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The Equestrian Employers Association (EEA) is the organisation for you if you employ staff in the equestrian industry.

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Updated statement on Equine Flu

Updated statement from BEF on Equine Influenza.

“Further to the announcement by the British Horseracing Authority that horseracing will continue to be suspended until Wednesday February 13th, the British Equestrian Federation can confirm that our veterinary advice remains that it is not necessary to cancel other equine events at this time.

However we will continue to monitor the situation closely and will issue further updates once the full extent of this outbreak is known.

We again urge all owners to be vigilant and follow the guidelines set out in our previous statement as a precaution. We recommend owners seek veterinary advice if necessary and ensure that all vaccinations are up to date.”

Equine Influenza facts from EEA’s friends from Boehringer Ingelheim, the veterinary company behind Equitop Myoplast and GLME.

1. There have been 30 reported equine influenza outbreaks in the UK, Ireland, France, Germany, and Belgium between December 2018 and 7th February 2019 (Twitter, 2019; RESPE, 2019). There have been more outbreaks across Europe in the last 3 months than there have been in the last 2 years so vaccination against equine flu is more important than ever, check your passports and talk to your vet.

2. Equine flu is endemic in Europe and North America which means that horses are at risk of being exposed to flu all the time. It is important that at least 80% of the horse population are vaccinated against equine flu to provide adequate herd immunity and reduce the risk of an epidemic occurring (Paillot, 2014).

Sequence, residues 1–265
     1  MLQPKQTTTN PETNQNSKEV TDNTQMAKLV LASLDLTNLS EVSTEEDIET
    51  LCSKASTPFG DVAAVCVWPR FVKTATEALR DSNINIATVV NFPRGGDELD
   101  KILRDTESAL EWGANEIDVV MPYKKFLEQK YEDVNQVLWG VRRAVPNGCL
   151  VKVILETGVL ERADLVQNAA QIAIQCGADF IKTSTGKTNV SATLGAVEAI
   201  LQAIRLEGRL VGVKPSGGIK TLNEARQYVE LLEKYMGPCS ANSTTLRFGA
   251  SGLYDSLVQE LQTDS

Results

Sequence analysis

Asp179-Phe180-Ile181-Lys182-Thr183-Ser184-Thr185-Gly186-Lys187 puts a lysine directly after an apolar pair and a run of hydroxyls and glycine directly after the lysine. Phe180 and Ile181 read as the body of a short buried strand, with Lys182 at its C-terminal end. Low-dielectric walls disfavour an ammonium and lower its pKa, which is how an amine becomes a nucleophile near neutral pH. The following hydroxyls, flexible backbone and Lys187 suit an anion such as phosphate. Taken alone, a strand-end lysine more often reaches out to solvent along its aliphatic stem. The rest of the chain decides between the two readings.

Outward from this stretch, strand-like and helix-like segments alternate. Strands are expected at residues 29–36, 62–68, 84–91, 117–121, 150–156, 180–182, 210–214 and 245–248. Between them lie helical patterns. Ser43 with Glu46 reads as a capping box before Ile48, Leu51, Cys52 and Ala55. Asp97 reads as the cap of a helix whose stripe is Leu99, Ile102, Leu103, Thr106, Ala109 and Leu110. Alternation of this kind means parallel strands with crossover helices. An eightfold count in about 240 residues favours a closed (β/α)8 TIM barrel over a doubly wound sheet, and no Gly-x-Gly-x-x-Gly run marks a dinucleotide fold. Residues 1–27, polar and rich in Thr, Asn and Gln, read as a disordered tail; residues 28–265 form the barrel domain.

3. The equine flu virus can also be transmitted on clothes, tack, yard equipment and in troughs and feed bowls which means that horses can continue to be infected after the infected horse has gone (American Association of Equine Practitioners, 2017). This means that biosecurity and stable hygiene is critical- contact your vet for advice especially if you are travelling horses.

4. Horses do not need direct contact with another horse that has flu as the virus can spread through the air at distances of 2km (Davis et al. 2009). This means that they do not need to have nose to nose contact to get flu.

5. All horses are at risk of flu even if they don’t leave the yard. Other horses travelling to and from the yard, even those that are vaccinated, can pass on the flu virus without showing any signs themselves (Paillot et al. 2016). Make sure your youngstock, broodmares and retired horses are also vaccinated, don’t ignore them just because they are not competing.

6. Did you know that equine flu is a serious and highly contagious disease which can spread quickly between horses (Paillot, 2014)? The classic signs of equine flu are a harsh dry cough, a fever, nasal discharge and depression and most unvaccinated horses will shows signs of equine flu within 1-5 days after infection (AHT, 2019a). Equine flu can spread rapidly so ring you vet immediately if you notice any of these signs in your horse.